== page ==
Rumours of Huddersfield’s fall have been greatly exaggerated

Date published: Friday 5th November 2021 9:05 - Ian King

The John Smiths Stadium, Huddersfield

A number of businesses owned by the owner of Huddersfield Town have collapsed, but the club remains in a good position to navigate these waters.

 

Since relegation back to the Championship in 2019, Huddersfield Town have found the going somewhat difficult. The club’s two seasons back after their two-year sojourn in the Premier League have seen them finish in 18th and 20th place, and last season they ended just two places and six points above what would have been a second relegation in three seasons. But this campaign has seen an upswing in the team’s fortunes, and they are now sitting just below the play-off places.

The mood around The John Smith’s Stadium had been improving steadily, but the financial travails of the club’s majority shareholder have now started to give some people cause for concern. But is that concern well-placed? Are Huddersfield Town looking at the possibility of becoming the Championship’s next Derby County, or have fears been overblown by common knowledge about how badly so many clubs at this level of the game are run?

The ownership situation at Huddersfield is a little complicated. Phil Hodgkinson is a lifelong fan of the club who had been sponsoring their shirts for several seasons, and in 2019 he acquired 75% of the shares in the club from previous chairman Dean Hoyle, with Hoyle retaining the other 25%. The purchase of the club was funded through deferred payments, meaning that Hoyle is still owed a substantial amount of money by Hodgkinson.

Just over two years on from the sale, the new owners’ companies are in trouble. Pure Business Group Limited, Pure Legal Limited and seven other entities were placed into administration yesterday by order of the High Court and it is understood that there are likely to be widespread redundancies at the company’s Liverpool offices. The companies are reported to have been put into administration after another company, Novitas Loans, a specialist company who provide loans for legal proceedings, started insolvency proceedings against them.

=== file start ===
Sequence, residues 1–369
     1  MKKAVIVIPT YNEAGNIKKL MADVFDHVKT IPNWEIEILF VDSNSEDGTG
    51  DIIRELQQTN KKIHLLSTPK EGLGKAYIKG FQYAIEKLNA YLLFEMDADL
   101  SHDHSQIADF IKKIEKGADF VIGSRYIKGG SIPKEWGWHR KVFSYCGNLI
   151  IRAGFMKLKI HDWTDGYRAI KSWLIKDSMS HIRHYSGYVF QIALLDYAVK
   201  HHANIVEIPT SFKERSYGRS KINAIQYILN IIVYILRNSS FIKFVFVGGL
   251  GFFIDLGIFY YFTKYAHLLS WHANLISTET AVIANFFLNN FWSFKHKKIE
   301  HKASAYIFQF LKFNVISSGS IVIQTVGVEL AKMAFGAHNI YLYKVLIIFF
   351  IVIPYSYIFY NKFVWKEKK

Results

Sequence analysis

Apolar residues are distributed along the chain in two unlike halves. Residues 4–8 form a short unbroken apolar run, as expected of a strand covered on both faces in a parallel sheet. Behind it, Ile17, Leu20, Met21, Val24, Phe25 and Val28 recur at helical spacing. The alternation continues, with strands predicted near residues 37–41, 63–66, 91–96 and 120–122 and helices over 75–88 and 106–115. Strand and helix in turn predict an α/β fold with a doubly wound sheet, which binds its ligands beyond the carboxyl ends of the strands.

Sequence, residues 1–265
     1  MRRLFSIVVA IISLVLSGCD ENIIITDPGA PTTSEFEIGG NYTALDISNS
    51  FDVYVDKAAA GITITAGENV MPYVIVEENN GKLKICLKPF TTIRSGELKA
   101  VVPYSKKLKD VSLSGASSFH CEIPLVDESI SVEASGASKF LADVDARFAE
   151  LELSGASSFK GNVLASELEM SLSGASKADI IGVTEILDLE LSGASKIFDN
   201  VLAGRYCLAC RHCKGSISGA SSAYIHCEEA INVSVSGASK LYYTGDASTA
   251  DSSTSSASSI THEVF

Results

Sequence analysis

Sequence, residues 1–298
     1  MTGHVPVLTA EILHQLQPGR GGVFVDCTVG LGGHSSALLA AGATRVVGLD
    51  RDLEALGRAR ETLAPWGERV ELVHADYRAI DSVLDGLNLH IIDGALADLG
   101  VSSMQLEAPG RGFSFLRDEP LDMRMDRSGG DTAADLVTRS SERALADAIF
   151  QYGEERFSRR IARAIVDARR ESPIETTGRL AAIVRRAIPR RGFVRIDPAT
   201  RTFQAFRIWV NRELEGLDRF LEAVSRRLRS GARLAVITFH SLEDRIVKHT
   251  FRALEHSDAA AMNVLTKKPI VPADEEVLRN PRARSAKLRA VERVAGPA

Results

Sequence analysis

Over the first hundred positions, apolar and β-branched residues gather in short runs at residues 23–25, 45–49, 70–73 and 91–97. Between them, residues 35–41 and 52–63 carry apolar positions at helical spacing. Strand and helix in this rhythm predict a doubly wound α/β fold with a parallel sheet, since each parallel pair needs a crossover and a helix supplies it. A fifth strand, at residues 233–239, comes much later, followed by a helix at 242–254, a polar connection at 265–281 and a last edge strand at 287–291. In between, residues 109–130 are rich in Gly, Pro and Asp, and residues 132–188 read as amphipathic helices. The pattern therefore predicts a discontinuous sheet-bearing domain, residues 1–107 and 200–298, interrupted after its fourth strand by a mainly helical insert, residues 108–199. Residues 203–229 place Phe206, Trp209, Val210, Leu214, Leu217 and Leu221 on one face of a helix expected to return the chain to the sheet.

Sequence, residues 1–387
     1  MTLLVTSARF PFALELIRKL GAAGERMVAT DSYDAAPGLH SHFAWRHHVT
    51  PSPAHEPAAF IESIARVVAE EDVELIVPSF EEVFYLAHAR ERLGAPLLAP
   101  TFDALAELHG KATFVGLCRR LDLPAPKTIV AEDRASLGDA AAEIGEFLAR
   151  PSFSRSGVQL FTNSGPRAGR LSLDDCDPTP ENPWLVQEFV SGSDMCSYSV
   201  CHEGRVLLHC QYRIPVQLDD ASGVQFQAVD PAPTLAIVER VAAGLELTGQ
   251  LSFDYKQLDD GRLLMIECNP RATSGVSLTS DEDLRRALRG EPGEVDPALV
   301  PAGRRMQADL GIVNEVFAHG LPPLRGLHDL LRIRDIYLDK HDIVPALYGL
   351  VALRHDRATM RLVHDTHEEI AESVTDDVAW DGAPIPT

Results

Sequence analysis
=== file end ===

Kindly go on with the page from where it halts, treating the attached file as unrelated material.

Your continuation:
The obvious concern for Huddersfield Town fans was initially whether this meant that their club would now be entering into administration, too. Such concerns are understandable. When Southampton’s holding company went into administration in 2009, for example, the club tried to swerve sanctions on the basis that it was a different company to that which had become insolvent. The Football League disagreed and treated them as one and the same. In this case, though, there is sufficient distance between Huddersfield Town and the companies that are struggling for this to not be an issue. The club is owned by a company called Pure Sports Consultancy Ltd, which is – despite the name – not part of this group of companies.

The club issued a statement confirming that Huddersfield Town are not ‘part of this action and, as such, legally unaffected’, and that ‘the Club remains able to meet its financial commitments over the short, medium, and long term’, while the Huddersfield Examiner has reported that ‘Dean Hoyle is willing and able to resume putting money into the club if and when required’, that Hoyle covered the club’s wage bill at the end of October, and that ‘Hoyle has previously been willing to defer payments when the need has arisen’.